The entire premise behind Darths & Droids is that the Star Wars universe is the result of a group of Tabletop Gamers (including a 7 year old girl) making it up as they go along. It lends a whole new perspective to the storyline of the prequel trilogy. The entire mess on Naboo was the result of the Player Characters epically ruining a delicate, carefully constructed plan by going Off the Rails, and engaging in all the sins of The Real Man, The Munchkin, and The Loonie. Palpatine is actually a good guy overthrowing a corrupt regime, and trying to bring a semblance of stability to the republic. Darth Maul was just a Chaotic NeutralHired Gun who was only trying to work with the player characters, before they attacked him. To top it all off, some the most bizarre and unrealistic plot points, such as Naboo being governed by a 14 year old elected Queen exist because Jar Jar Binks is being played by a little girl.
In the Chapter 26 of the Spanish webcomic 5 Elementos, the author shows the effects of a civil war in a world inhabited by lots and lots of people with superpowers.
Misfile can be considered a broad deconstruction of the Gender BenderTransformation Comic, showing how much it would actually suck if you were transformed into the opposite gender and didn't have those kinds of tendencies to start with (the part frequently ignored by TG comic fans who wish something like that could happen to them). Ash is depicted like a real transgender teen would be (literally a boy trapped in a girl's body), with a realistic level of distress to not only the biological and social changes, but to also having the entire foundation of your world and personal identity ripped out from underneath you.
One could say that Sluggy Freelance is something of a deconstruction of what it's like to live in a Fantasy Kitchen Sink. Eventually, the amount of supernatural villains you piss off (and the infamy among the inhabitants of said Fantasy Kitchen Sink that you gain through your deeds) will reach such a critical mass that your entire life will be swallowed up in a never-ending, breakneck onslaught of attacks and reactions to your attempts to defend yourself from said attacks from grudge-holding demons, psychopaths, monsters, conspiracies, Eldritch Abominations, Artifacts of Doom, evil Mega Corps, etc., etc. Being a fairly early webcomic, this has been subjected to a measure of Seinfeld Is Unfunny.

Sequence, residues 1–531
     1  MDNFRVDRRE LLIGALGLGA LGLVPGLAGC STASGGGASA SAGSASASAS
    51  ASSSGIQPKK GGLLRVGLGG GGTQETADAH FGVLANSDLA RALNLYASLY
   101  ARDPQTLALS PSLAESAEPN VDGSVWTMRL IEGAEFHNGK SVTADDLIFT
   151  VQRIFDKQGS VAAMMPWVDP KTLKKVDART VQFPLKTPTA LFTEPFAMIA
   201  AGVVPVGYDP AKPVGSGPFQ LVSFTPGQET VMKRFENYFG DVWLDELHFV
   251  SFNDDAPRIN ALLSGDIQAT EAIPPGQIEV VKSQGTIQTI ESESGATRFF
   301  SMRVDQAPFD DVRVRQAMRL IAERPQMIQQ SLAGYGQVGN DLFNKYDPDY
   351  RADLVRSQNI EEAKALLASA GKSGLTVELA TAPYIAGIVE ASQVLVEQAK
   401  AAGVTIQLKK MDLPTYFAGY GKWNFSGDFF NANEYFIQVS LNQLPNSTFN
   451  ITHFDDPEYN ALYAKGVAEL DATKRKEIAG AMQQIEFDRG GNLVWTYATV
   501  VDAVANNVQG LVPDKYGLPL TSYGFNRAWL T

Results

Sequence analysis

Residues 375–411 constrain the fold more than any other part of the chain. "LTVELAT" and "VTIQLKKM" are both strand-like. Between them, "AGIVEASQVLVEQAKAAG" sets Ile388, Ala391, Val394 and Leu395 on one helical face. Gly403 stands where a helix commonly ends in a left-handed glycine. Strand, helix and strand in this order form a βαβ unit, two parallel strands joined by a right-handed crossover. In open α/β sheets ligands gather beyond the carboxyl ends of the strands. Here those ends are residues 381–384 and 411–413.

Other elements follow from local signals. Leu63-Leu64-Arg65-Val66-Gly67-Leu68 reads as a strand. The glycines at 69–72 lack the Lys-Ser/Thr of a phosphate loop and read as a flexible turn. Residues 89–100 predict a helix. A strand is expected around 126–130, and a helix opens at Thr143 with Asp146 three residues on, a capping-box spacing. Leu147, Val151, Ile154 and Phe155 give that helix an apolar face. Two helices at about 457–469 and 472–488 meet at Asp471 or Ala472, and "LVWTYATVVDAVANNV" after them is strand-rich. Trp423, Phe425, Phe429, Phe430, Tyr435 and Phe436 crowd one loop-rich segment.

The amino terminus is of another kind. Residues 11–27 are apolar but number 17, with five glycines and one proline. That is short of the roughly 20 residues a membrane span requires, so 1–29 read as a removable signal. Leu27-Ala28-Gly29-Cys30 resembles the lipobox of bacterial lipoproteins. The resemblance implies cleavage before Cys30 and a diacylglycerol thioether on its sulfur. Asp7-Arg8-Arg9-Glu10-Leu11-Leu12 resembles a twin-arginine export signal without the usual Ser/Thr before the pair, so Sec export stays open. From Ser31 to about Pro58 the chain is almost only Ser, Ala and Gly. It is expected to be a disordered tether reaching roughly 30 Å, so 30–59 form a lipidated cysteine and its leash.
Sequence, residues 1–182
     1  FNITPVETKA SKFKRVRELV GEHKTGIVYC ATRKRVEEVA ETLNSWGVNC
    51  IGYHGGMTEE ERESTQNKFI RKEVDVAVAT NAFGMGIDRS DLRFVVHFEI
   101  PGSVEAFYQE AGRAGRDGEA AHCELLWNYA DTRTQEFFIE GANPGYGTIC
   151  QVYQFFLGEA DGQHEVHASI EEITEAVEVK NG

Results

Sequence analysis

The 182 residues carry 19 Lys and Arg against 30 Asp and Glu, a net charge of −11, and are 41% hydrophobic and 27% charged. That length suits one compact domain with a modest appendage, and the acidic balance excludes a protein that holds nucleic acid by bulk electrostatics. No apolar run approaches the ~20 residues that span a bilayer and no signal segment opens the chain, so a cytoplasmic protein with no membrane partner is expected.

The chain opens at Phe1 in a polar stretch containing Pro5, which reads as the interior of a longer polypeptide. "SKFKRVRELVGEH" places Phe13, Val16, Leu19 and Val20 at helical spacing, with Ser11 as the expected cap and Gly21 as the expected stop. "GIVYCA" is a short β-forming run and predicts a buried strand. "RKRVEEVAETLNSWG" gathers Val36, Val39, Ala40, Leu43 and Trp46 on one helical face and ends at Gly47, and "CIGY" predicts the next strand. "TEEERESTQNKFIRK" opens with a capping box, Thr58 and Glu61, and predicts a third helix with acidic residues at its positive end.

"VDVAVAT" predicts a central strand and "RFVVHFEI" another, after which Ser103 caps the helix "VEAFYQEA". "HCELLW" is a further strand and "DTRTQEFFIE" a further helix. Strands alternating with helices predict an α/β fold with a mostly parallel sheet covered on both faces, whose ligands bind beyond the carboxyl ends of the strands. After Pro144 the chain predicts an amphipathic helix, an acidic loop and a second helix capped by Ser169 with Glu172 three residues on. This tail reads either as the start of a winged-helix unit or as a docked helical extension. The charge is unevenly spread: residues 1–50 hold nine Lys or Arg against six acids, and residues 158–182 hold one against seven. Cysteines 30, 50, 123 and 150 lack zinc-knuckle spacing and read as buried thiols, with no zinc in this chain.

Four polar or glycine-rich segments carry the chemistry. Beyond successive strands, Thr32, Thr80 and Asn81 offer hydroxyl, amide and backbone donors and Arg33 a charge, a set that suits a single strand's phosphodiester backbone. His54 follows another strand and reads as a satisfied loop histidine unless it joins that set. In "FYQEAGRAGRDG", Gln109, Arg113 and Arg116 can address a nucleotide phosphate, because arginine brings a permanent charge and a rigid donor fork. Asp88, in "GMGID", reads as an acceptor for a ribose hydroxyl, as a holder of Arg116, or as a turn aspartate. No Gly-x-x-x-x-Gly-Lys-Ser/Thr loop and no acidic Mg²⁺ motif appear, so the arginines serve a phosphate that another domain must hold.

Strong Female Protagonist: The superheroes start out as kids and teenagers who are exposed to some unexplained environmental phenomenon that gives them powers, and most of them start out with the best of intentions and a genuine, idealistic desire to make the world a better place. A few years later, they're all young adults and they realize that they haven't really made that much of a difference, and their powers can't really help them solve the world's problems. The main character is a Flying Brick who's coming to terms with the fact that being able to lift a car over her head doesn't equate to being able to actually fix anything. Her arch-nemesis, a classic Evil Genius supervillain, retires from the Bad Guy game when he finds it intellectually unfulfilling and, frankly, childish. A girl with a mutant Healing Factor decides that the only real way she can make a difference in the world is to become a living organ farm for the rest of her life. And nearly all of them are deeply traumatized from spending their formative years fighting crime and the forces of evil (one minor character points out that they were basically child soldiers).